Every morning a bus load of monks gets dropped off in Bagan where they go seeking donations of food. As we exit our hotel, we see the monks getting out of the bus down the street from us. The monks walk single file along the street and stop, one by one, at the small table across the street that has been laid out with rice and assorted foods. The owners of the hotel had placed the offerings out prior to the monks arriving. The monks rotate where they seek donations each day– first one street then another then another throughout the week. The older monks go first, followed by younger and younger monks with another older monk playing sweep at the back. Some of the last monks do not get anything at this stop as the donators run out of food to give. Hopefully they will fill there bowls at another stop.
We say goodbye to Bagan and our guide Zow. It is unusual for us to have so many guides. Previous trips saw us continue with one guide on the whole journey through a country. In Myanmar, we are getting a new guide every time we change locations. Au, in Mandalay, set the bar pretty high, and Zow didn’t quite reach up to that bar. L called him Mr. Factoid. He knew his temple stuff and he got the picture that we didn’t want to follow the exact tourist trail, but he had some oddities that started driving me crazy (I actually wanted to throttle him when we got to the airport!).
We flow through another airport and surface in Heho to Wai Yan, our next guide. He seems quite nice but he is VERY hard to understand as he places the emPHAsis on difFERent sylAbles for his English words.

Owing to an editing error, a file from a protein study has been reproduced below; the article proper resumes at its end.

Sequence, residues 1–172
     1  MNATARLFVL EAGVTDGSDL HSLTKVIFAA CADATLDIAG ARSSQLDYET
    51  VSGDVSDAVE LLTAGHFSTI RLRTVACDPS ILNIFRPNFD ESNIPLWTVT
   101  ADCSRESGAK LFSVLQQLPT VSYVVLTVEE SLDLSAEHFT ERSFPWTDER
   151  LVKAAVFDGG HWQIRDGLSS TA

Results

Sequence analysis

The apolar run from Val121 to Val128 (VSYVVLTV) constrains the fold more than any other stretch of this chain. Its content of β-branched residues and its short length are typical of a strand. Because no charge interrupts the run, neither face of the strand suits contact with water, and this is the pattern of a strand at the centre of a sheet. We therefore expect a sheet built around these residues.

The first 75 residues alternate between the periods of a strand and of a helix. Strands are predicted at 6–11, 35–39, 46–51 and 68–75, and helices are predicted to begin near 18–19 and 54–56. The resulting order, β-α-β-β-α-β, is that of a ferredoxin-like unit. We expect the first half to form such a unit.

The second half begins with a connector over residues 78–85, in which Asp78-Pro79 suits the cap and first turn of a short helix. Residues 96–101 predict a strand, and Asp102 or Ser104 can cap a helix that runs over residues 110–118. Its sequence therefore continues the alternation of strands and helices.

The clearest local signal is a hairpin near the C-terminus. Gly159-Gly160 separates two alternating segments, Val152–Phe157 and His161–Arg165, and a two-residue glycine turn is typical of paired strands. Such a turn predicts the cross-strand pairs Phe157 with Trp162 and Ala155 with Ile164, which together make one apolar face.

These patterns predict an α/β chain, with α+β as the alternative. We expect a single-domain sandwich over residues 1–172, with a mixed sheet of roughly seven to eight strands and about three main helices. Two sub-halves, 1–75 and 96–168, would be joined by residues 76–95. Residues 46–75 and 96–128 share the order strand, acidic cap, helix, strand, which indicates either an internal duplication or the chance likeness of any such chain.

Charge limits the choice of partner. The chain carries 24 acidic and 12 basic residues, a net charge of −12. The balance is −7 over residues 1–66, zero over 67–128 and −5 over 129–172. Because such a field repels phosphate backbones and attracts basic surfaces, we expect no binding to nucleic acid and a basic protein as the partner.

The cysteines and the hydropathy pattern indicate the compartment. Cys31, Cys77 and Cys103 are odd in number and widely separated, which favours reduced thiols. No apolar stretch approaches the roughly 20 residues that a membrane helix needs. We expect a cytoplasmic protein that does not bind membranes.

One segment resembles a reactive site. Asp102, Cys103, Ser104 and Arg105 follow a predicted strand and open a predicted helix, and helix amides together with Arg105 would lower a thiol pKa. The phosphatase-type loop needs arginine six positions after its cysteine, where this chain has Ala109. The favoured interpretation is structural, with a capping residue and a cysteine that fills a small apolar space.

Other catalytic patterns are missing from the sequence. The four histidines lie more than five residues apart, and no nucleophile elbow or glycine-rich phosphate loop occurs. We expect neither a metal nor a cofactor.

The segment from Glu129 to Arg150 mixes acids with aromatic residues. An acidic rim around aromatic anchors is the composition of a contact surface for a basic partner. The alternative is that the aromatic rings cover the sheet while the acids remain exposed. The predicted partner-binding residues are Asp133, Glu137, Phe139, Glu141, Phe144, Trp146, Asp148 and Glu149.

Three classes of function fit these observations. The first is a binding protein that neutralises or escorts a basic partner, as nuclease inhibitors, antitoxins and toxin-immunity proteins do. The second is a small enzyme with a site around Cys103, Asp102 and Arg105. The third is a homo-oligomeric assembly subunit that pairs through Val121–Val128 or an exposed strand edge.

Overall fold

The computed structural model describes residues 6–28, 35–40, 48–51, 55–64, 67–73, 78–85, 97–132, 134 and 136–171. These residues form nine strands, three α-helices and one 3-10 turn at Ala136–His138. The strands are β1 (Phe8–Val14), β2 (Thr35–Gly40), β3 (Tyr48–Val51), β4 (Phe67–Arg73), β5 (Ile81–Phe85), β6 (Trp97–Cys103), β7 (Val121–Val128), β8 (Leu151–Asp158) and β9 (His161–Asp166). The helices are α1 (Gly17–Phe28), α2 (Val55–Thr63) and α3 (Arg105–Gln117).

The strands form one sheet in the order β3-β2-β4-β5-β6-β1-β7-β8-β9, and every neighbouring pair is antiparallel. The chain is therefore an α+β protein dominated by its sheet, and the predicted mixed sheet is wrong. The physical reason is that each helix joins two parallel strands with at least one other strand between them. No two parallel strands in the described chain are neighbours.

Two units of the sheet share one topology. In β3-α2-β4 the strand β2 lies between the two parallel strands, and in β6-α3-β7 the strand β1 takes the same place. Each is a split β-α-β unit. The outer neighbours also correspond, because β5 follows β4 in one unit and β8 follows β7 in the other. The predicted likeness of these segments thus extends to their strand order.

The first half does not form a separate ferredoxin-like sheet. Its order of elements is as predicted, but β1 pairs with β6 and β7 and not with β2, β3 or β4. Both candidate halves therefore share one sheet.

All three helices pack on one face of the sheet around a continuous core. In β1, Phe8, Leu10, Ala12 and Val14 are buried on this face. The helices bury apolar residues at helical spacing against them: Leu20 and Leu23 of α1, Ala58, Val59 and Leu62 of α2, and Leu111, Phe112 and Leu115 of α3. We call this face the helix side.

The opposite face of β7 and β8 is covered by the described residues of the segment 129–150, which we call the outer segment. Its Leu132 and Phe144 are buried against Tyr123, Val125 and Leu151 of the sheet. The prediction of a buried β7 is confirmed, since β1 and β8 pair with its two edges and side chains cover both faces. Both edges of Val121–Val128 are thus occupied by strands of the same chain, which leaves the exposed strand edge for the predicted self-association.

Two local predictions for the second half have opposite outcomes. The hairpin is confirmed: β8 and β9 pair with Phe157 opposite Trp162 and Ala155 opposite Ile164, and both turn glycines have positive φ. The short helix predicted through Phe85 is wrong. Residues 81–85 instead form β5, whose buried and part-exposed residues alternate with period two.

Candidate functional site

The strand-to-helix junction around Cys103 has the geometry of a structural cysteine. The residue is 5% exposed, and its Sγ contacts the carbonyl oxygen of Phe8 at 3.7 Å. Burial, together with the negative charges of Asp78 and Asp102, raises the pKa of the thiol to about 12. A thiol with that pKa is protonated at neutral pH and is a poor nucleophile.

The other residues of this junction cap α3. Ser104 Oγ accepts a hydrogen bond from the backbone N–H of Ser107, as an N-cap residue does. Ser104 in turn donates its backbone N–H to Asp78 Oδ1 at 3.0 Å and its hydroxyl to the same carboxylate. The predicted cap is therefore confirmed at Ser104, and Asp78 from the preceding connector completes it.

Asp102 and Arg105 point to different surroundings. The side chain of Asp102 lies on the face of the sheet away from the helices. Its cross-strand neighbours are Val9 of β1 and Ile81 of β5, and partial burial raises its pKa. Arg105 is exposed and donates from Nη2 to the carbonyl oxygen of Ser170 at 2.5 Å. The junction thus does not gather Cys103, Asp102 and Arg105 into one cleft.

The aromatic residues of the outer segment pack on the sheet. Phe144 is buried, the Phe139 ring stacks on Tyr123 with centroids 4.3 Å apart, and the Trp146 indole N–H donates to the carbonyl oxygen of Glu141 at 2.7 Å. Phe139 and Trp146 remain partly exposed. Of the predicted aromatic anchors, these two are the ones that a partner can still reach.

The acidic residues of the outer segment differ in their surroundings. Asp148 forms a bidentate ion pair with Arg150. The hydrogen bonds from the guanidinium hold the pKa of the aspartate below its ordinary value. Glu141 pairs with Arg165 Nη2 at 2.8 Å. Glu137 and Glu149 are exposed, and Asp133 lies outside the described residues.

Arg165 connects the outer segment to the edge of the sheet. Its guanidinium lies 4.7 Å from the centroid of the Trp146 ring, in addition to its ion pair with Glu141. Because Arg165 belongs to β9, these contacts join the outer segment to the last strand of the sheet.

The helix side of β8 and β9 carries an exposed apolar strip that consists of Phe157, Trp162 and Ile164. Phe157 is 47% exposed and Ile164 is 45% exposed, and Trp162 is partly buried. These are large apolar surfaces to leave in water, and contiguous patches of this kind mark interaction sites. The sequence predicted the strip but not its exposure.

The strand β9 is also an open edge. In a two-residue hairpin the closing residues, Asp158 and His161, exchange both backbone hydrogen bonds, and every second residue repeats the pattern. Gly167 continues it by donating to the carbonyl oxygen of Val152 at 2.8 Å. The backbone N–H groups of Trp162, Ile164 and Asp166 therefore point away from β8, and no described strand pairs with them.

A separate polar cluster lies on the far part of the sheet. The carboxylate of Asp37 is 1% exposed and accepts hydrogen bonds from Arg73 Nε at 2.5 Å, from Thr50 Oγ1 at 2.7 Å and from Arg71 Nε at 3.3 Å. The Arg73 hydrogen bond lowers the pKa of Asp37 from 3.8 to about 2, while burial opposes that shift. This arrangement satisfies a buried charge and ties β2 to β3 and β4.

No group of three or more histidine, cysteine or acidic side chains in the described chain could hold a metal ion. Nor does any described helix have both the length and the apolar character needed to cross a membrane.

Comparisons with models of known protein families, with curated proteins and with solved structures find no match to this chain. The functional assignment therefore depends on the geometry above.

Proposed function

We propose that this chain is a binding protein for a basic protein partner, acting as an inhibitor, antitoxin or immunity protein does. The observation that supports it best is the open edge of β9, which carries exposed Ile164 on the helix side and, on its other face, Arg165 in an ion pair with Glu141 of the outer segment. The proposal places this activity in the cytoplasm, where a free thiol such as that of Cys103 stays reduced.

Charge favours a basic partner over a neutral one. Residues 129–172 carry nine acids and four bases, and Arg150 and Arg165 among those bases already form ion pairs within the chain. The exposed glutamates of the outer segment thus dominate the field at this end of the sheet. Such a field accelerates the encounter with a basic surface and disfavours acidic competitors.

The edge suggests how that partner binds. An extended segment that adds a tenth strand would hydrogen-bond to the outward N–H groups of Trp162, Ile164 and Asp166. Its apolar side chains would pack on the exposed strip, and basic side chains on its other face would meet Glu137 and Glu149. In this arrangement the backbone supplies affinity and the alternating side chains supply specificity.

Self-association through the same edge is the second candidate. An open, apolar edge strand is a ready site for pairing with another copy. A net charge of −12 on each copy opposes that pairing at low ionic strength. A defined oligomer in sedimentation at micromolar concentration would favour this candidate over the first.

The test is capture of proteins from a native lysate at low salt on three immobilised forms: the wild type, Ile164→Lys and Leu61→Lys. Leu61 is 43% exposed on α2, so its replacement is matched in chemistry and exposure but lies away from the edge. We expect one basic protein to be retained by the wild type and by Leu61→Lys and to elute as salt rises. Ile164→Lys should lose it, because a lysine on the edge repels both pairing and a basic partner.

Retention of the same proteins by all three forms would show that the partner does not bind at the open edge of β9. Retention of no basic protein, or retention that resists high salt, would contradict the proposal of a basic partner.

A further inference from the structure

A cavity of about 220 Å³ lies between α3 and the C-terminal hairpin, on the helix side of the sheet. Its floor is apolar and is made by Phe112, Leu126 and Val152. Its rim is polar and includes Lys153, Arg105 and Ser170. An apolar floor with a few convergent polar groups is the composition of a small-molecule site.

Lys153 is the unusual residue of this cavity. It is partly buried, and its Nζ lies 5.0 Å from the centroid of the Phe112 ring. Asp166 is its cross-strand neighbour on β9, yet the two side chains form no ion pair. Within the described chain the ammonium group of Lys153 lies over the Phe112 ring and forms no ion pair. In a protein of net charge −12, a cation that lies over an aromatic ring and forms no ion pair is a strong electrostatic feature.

We drive for about an hour to visit the Pindaya Caves. The cave is 490 ft under the rock, has stalagmites and stalactites and about 8,000 Bhuddas. We wander the maze looking at the various Buddhas.
In one part there is a meditation cave that Murray, Wai Yan and I crawl into. Following us is a Burmese family and once they are seated, they ask if they can take our picture. So they take ours and we take theirs!
Along the way to the restaurant we stop at a workshop that makes traditional Shan paper out of mulberry trees and umbrellas out of bamboo. We agree that as Myanmar becomes more “Westernized” and touristy, this type of traditional handicrafts may disappear, which is unfortunate.
Every time we stop at one of these artisan’s shops I am amazed at how the work progresses without safety equipment. If the Alberta Health and Safety inspector showed up he would flip. It is not only at the craft shops where this is apparent, the work sites for heavy industrial type work also lack basic safety. Working on marble with power tools and no ear protection, no safety glasses and no steel toes on their sandals. Roasting peanuts under a reverberant steel roof using a tractor engine with no muffler and all of the belts and gears running the machinery completely exposed ready to grab the workers at the first moment of inattentiveness. I’m sure people get hurt but work goes on.
As I type this post, it is pouring rain outside, part of the typhoon that is circling the Bay of Bengal. I am hoping the rain eases up by morning as we are to start our 3 day trek. It may be a muddy and wet experience. Our West Coat Trial luck may have run out!